This revolves around a couple of related idioms, actually, related to baseball and softball.
Let's say two people are engaged in a debate. One says something that makes it easy for the other to make an incontrovertible point, and win that round of the debate. In the debating circles, the act of making a memorable, incontrovertible point is sometimes called "hitting a home run," and the gaffe that makes it easy for that home run to be hit is sometimes called "an easy pitch" (or "a softball"). One renowned softball I remember was when Dan Quayle spoke of how his relatively young age shouldn't be in issue in him being qualified to serve as president, if needed. His opponent, Lloyd Bentsen, was ready for that pitch.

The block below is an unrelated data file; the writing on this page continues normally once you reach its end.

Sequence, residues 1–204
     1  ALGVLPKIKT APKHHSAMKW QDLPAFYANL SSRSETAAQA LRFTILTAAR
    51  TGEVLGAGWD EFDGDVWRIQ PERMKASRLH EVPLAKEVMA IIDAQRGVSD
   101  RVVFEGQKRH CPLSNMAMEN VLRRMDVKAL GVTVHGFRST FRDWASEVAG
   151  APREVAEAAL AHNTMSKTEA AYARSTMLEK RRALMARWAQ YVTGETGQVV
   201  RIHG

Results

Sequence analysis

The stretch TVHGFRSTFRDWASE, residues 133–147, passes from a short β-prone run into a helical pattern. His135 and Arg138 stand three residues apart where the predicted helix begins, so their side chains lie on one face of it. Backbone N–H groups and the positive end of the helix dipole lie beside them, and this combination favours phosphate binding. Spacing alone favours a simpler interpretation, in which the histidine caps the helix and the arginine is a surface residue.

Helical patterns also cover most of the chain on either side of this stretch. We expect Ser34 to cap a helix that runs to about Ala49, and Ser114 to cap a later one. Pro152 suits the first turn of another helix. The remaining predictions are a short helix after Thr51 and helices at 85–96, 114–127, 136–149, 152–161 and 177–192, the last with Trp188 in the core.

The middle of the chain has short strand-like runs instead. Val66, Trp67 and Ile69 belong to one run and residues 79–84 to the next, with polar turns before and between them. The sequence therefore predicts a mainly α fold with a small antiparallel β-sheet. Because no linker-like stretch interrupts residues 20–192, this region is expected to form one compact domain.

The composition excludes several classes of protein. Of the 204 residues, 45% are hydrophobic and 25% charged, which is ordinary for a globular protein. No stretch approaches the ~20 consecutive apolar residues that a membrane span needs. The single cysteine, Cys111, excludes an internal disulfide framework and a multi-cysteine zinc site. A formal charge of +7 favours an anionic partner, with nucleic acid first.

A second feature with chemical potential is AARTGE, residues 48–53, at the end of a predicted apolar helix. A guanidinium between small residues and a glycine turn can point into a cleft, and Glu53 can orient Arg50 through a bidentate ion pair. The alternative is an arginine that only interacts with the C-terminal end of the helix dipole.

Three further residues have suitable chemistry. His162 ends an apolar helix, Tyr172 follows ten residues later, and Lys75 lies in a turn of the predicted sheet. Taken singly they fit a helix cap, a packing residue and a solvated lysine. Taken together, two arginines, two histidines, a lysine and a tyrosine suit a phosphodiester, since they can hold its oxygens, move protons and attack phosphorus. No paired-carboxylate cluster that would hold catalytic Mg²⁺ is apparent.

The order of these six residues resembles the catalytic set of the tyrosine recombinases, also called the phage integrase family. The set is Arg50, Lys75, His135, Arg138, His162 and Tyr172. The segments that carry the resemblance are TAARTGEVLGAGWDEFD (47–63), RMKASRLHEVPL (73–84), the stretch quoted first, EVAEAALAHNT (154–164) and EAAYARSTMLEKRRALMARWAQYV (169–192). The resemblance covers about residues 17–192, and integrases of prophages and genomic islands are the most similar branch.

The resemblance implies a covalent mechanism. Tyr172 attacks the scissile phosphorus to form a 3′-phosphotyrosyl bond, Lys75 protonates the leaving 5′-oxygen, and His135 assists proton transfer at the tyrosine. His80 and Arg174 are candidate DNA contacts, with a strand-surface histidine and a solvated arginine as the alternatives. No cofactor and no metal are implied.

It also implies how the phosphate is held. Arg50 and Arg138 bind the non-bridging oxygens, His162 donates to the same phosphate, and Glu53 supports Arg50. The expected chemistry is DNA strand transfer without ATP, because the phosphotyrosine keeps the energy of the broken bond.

Sometimes this baseball/softball analogy is applied to interview situations as well. If a journalist giving a recorded interview doesn't ask any hard questions ("hard" in this case means something that would make the interviewee uncomfortable, such as questions about a recent scandal, perhaps), that is sometimes described as softball questions, or a softball interview (see this headline, for example: Kroft's Softball Obama Interviews Diminish '60 Minutes'). In a similar way, an interviewer who asks an unexpectedly difficult question might be said to have "thrown a curve ball," or one who asks a lot of tough questions relentlessly might be described as "playing hardball" during the interview.